Urilift

Just like every other major European city, Amsterdam considers it a privilege to urinate.  Restrooms are generally for paying customers only and even then they will often charge half a euro or more to use the facilities.  I understand the need.  Businesses can’t have a steady stream of tourists popping in just to use the toilet, cluttering up the aisles, and not purchasing anything.  I get it.  I truly do.

Because of this, most major municipalities in Europe have provided those of us who need to pee with public options.  Many major cities have “full service” pay toilets that cater to men and women for a small fee.  In Amsterdam, we have free public urinals.  Now, by “we” I mean “men”.  I have no idea what the ladies are expected to do…

Now, as you can see, these toilets are a bit unsightly and only serve one person at a time.  They are also almost completely unnecessary for most of the day, as they are most frequently used by the late night bar crowd.  To solve this problem, the Dutch decided to utilize their old friend technology.  From the very beginning, ingenious uses of machinery have improved the state of Dutch life.  In fact, much of what is now Holland was once the sea floor.  The inventive Dutchies used their technological skills to catch the wind and use windmills to pump the sea water over the dykes freeing up much needed farm lands.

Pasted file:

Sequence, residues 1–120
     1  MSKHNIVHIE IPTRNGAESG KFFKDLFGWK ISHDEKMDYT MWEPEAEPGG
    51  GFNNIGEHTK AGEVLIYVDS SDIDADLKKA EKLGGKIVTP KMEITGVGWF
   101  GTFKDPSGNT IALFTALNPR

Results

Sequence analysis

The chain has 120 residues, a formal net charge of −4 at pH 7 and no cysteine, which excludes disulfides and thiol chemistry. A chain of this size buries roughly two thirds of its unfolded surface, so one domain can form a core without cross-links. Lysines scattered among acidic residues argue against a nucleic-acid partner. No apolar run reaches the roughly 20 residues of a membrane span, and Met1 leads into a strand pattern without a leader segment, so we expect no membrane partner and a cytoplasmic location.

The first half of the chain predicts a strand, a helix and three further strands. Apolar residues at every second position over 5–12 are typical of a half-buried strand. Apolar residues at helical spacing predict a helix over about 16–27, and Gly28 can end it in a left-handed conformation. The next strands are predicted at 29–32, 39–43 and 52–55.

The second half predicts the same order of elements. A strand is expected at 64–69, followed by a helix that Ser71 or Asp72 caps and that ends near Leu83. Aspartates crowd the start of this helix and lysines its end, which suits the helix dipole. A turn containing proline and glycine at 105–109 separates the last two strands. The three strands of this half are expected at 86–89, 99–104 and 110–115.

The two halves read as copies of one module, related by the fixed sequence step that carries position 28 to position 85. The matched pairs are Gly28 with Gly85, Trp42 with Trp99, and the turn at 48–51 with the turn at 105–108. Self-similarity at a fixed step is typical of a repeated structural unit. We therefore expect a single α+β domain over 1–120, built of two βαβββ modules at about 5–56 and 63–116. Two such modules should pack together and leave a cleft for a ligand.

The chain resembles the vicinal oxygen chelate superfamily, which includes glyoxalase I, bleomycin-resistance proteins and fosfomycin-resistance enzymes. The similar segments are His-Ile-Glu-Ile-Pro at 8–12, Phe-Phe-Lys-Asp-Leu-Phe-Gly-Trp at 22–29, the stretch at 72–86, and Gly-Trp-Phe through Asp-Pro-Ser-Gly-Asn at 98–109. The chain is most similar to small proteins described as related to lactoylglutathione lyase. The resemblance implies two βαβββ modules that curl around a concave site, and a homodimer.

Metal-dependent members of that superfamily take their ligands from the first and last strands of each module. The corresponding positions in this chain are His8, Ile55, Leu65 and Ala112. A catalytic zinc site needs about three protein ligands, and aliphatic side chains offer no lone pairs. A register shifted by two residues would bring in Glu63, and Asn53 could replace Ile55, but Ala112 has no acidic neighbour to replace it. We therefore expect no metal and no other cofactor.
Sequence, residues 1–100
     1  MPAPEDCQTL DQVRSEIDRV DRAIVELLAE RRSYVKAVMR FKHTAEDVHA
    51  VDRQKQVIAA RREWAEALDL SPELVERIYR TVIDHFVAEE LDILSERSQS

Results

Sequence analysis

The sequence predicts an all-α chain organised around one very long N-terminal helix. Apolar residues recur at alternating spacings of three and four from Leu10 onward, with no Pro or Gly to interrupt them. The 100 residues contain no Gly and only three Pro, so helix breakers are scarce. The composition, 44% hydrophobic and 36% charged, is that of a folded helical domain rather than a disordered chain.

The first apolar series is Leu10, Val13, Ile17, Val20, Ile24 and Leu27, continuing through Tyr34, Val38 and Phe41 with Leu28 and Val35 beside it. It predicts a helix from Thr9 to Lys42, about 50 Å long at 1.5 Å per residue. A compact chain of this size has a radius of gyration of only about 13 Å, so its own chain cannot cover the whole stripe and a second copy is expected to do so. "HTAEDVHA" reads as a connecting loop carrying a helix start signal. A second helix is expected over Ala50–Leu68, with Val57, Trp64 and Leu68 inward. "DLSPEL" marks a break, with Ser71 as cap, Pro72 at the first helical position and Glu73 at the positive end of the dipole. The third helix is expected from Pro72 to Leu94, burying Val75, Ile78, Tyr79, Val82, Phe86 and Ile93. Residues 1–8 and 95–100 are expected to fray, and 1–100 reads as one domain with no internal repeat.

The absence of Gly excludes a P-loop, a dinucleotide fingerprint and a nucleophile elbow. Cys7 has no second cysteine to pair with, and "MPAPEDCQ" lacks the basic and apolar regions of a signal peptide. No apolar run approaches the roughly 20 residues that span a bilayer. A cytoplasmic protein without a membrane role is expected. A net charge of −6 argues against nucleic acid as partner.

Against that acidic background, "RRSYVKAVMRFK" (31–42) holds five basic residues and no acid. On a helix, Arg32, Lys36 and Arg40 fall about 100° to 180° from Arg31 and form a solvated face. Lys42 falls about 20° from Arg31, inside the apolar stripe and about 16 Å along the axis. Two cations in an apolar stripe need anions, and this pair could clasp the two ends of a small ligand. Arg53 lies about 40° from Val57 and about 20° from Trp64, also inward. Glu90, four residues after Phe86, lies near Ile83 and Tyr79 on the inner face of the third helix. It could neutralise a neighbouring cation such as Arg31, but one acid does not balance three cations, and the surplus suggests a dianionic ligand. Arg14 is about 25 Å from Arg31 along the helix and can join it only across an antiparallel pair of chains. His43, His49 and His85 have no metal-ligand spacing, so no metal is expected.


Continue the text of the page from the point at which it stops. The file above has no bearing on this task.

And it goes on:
Today they are using technology to improve the peeing experience for one and all (except women).  I now introduce you to the URILIFT!

This modern miracle is a public urinal that not only serves THREE people at one time, but can also be stored underground when not in use.  It took me a while to actually see one of these in the wild, as they spend much of their time underground.  As it turns out, there is a Urilift just a few meters away from my apartment in Rembrandtplein.  I haven’t had the pleasure of using it yet, but it’s nice to know it’s there for you when you need it.

I mean, really, what will the Dutch think of next?

 

 

 

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